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Using Freestep Lamalert

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PostPosted: Mon Jan 30, 2017 9:44 pm    Post subject: Using Freestep Lamalert  Reply with quote

I was recommended (by another horse owner) to use Lamalert for our pony who had laminitis and have been using it for the last 10 months. However it now seems to contain Magnesium and Spinach and some Zinc. Previously the ingredients were more chemically named. I know at first they claimed that trials had shown it had plant extracts which helped weight and insulin resistance. There has been a complaint to the advertising standards agency about their claims on other Freestep products which makes me suspicious about claims for Lamalert.
Does anyone have any proper evidence for the use of this supplement in laminitic ponies and horses? Or for the use of other supplements such as Global herbs laminitis prone supplement?
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PostPosted: Mon Feb 06, 2017 4:17 pm    Post subject: Reply with quote

We were informed by an owner using the product that the ingredients listed for LamAlert (presumably in a recommended serving) in 2016 were:
22 Hydroxyecdysterone 2 acetate
Carthamasterone A ecdysterone
Magnesium (8 g)
Zinc (100 mg)
Copper (25 mg)

Spinach contains ecdysterones and 22 Hydroxyecdysterone 2 acetate.  

To our knowledge LamAlert currently has no published research to back claims of efficacy or safety.  

We are not aware of any research showing the efficacy or safety of the first two ingredients in horses.
Magnesium, zinc and copper should be supplied by a horse’s basic diet, along with other essential minerals that are likely to be deficient in a forage diet, such as selenium, sodium and possibly iodine – see  There is some anecdotal evidence that increasing magnesium over levels provided by most mineral supplement may help to reduce fat pads in some horses.  This can be done by adding magnesium oxide, which is available from many suppliers, such as ForagePlus or Equimins.  

The ASA upheld 2 complaints against Freestep Superfix in 2016:

We are not aware of any products (other than licensed medicines) that have been proven to help horses with EMS, PPID and/or laminitis.

TLS suggests owners only use products with proven efficacy and safety, ideally from published research or at least a large body of anecdotal evidence from a reputable source, such as the ECIR group.  Owners should be aware that it is illegal for manufacturers/suppliers to claim that products prevent or treat diseases, or that they restore, correct or modify physiological functions by exerting a pharmacological, immunological or metabolic action, without a marketing authorisation.  From p 363 of Equine Applied & Clinical Nutrition (2013): “Various supplements including herbs are being used in the equine industry… many of the supplements have never been proven safe or effective in horses, therefore caution must be taken when selecting and using such supplements”.  Paraphrasing: in vitro studies don’t always translate to in vivo.  Traditional use doesn’t mean something is safe, e.g. garlic (now known to cause anaemia).  “Cross-reactions and contraindications are known to occur between certain medicinal/drug therapies and herbal preparations.  In animals currently being prescribed or about to be prescribed any medication, the veterinarian should be informed of the concurrent administration of any herbal preparation”.  See also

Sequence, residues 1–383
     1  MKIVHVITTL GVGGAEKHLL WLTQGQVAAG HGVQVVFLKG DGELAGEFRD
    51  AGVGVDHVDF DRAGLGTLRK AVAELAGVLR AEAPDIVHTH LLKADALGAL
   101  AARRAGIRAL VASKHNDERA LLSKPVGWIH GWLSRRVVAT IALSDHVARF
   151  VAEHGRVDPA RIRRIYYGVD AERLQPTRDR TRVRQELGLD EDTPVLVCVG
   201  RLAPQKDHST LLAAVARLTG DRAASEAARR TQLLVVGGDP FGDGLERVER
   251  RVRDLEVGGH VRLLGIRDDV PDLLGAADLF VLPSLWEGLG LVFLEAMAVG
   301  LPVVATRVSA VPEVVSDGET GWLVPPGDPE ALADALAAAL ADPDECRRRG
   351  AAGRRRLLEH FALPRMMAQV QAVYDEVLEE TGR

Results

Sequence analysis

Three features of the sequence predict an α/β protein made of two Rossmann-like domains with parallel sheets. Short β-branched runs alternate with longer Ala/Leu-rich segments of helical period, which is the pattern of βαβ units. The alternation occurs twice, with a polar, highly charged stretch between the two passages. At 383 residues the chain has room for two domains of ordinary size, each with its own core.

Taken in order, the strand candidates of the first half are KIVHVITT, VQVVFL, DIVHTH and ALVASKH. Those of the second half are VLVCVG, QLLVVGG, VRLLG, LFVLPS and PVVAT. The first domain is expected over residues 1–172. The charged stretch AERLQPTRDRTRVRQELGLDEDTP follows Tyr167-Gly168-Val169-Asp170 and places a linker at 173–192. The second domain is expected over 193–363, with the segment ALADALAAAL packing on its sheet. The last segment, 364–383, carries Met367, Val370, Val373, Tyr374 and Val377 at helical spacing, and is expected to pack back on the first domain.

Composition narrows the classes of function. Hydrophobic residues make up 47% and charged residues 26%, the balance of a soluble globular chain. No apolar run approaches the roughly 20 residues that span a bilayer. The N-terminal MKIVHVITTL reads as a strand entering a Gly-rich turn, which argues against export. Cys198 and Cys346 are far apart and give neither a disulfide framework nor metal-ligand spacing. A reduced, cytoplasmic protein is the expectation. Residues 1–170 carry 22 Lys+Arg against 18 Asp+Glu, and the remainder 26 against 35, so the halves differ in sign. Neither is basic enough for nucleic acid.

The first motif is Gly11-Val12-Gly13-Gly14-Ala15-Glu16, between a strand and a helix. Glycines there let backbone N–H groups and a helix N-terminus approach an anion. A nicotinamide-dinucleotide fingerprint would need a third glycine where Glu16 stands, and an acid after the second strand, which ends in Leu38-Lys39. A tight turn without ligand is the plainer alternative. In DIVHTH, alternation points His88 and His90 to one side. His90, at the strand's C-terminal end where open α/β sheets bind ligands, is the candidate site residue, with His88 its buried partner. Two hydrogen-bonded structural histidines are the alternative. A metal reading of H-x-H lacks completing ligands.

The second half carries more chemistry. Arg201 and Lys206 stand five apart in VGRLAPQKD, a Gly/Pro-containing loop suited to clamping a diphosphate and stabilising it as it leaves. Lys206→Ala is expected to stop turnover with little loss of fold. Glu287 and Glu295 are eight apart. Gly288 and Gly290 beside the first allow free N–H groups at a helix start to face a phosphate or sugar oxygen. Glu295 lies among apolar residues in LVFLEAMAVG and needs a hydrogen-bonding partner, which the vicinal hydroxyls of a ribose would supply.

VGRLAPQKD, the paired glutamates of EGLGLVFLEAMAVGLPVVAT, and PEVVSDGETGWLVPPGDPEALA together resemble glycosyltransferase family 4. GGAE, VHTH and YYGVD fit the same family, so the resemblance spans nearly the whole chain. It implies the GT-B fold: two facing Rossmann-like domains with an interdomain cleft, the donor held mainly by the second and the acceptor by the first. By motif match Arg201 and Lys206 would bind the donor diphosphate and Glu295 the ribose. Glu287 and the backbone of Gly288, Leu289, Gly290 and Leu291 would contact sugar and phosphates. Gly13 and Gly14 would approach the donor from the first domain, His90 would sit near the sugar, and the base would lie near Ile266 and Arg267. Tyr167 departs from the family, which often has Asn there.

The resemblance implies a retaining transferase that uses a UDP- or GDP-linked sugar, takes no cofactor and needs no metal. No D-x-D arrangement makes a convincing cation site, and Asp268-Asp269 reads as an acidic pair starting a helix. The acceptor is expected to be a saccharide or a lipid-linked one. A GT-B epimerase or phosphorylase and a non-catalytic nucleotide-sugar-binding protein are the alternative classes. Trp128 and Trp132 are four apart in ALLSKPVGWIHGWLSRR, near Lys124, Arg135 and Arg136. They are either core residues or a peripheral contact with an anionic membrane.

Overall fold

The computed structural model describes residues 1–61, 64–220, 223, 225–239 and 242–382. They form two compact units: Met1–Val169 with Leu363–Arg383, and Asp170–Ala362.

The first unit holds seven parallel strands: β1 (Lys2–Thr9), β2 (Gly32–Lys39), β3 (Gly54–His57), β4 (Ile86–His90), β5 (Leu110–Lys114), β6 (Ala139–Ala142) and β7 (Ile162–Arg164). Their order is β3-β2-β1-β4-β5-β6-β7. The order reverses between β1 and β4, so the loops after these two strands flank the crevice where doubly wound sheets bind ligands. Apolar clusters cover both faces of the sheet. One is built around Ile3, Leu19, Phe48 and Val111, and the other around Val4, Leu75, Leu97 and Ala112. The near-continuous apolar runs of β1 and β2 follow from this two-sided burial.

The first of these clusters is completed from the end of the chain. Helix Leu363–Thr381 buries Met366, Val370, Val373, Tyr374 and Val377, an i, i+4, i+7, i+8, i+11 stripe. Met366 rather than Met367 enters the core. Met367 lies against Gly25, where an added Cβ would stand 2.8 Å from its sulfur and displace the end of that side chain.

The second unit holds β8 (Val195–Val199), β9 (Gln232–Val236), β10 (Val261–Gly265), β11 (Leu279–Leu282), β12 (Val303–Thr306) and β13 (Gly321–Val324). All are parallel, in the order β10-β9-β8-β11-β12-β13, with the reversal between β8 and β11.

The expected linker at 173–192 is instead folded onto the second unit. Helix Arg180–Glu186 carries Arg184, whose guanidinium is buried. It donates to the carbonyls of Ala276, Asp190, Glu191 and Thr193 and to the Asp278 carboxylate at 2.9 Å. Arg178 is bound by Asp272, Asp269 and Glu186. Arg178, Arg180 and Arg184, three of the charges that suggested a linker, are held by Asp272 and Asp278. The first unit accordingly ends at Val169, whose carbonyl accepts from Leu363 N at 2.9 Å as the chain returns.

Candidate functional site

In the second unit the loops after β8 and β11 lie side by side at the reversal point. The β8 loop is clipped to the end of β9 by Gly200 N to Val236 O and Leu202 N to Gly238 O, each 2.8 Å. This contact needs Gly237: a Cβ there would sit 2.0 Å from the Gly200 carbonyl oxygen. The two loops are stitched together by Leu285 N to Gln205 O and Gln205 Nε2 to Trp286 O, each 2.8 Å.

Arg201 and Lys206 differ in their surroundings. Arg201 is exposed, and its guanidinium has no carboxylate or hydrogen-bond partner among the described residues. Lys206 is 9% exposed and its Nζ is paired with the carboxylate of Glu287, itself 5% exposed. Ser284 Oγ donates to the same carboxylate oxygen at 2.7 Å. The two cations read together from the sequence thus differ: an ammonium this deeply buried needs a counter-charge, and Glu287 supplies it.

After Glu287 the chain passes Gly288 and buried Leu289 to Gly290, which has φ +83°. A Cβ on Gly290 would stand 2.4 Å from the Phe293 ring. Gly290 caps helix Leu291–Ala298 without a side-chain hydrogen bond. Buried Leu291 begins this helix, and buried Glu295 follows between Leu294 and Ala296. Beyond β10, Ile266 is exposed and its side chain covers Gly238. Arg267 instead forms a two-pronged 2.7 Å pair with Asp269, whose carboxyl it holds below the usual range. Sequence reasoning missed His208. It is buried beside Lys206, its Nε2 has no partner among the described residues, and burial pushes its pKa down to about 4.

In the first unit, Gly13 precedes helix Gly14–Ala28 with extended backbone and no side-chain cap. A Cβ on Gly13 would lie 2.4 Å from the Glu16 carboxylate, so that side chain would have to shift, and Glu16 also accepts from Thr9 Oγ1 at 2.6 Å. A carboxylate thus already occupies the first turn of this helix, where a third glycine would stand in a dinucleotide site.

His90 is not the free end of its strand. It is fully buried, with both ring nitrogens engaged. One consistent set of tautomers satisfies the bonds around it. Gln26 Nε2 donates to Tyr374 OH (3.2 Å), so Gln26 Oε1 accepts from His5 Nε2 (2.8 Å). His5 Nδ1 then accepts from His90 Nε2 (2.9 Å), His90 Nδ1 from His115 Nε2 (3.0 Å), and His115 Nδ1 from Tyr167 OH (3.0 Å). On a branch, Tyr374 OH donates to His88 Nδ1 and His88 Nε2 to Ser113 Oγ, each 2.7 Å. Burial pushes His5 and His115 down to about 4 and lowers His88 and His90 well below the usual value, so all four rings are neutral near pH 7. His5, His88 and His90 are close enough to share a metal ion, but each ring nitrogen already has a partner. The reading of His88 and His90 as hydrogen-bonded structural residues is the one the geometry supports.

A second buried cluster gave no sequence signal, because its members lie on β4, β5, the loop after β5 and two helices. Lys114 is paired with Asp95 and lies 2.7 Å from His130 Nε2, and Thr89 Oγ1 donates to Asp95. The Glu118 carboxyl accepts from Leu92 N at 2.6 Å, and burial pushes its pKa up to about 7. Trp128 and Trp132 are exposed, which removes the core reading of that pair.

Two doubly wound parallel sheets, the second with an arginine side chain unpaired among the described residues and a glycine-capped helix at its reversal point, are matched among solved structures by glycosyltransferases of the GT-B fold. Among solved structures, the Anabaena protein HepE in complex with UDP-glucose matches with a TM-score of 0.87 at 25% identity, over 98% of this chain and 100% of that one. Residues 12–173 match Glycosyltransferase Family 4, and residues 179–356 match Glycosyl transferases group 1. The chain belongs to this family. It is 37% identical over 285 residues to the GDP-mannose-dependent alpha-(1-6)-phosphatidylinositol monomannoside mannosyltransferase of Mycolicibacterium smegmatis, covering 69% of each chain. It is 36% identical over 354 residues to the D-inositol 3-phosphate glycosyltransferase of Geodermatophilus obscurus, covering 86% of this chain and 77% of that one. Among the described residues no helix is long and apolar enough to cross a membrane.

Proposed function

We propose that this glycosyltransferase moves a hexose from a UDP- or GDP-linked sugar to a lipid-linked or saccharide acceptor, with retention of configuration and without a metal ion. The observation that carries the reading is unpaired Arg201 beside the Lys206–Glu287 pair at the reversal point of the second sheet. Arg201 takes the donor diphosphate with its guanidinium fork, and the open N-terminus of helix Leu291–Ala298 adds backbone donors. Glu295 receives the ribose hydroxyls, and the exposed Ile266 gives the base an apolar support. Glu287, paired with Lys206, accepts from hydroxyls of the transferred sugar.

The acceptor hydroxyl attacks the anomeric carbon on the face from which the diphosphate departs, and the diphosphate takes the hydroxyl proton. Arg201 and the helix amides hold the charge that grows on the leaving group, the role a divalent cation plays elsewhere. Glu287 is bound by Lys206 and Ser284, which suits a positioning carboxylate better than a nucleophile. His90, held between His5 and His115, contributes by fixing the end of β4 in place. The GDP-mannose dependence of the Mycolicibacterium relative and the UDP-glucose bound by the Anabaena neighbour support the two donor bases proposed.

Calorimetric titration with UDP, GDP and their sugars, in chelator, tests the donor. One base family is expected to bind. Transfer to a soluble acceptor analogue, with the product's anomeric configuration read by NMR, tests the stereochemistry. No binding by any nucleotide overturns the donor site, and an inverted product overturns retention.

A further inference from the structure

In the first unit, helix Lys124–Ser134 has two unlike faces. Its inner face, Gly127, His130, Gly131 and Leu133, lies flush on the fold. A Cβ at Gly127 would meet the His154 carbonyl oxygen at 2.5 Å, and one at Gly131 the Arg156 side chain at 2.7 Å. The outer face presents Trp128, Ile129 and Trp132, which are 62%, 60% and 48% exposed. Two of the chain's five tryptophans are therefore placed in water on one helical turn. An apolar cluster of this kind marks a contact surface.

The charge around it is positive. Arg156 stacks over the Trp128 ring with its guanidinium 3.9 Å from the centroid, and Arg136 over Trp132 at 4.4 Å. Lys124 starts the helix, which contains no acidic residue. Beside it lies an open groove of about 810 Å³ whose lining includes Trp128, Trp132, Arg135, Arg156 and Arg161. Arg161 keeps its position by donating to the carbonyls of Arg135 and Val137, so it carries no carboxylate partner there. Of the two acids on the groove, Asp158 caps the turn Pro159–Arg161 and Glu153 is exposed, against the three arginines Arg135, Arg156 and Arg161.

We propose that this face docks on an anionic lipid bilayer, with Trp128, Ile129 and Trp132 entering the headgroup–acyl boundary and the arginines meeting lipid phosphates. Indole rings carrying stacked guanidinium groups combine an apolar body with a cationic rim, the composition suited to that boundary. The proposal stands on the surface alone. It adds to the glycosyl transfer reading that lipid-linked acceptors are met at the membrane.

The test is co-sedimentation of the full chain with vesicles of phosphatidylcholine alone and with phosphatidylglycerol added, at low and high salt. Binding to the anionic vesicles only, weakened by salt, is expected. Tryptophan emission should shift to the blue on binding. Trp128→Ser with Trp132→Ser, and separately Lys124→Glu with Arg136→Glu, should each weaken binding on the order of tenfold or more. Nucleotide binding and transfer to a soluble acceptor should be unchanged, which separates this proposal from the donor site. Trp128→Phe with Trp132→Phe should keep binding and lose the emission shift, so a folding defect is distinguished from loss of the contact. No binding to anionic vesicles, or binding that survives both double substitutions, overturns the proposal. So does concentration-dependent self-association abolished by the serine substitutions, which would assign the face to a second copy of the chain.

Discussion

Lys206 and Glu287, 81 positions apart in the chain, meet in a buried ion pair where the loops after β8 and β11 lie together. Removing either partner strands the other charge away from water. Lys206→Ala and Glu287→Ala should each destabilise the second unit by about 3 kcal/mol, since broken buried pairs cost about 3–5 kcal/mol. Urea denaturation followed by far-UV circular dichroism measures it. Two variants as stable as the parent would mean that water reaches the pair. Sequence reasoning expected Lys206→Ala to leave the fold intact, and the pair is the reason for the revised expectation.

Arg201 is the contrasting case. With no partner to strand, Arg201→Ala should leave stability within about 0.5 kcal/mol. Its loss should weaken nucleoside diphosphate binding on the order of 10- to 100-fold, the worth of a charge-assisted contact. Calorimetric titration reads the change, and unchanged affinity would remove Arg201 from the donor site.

We have found reviews both for and against this product on the internet.  Through internet support groups TLS monitors some 15,000 horses with EMS/PPID/laminitis, and we tend to notice if a lot of owners suggest that something is helping their horses.  That has not been the case for this product.  Nor are we aware of any expert vet recommending this product. It is important to be aware that the placebo effect has been proven in animals, and owners are sometimes keen to justify spending money on a supplement and not always objective in their feedback.  It’s also important to be aware that products like this are often used after or during a period of weight loss and correct diet, and therefore benefits perceived may be the result of the diet, weight loss and general management, rather than the supplement.  Many owners have come to TLS for help believing that product x is helping their horse (and often adamant that they cannot take their horse off it!), only to find no change for the worse, and usually a change for the better, when the product is no longer given, but the basic diet and management of the horse is tightened up.  There is research showing that diet and exercise alone lead to weight loss and an improvement in insulin sensitivity - - and at TLS we have not yet come across an EMS case that didn’t respond to diet, weight loss and exercise alone, with no need for medication or supplements.  In the few cases we have seen where an EMS case didn’t seem to respond to correct management as might be expected, the horse was later diagnosed with PPID, and started to respond once treated appropriately with Prascend/pergolide.

You may find this article and links helpful:, and may like to join our Facebook support group, which is open to Friends of The Laminitis Site:

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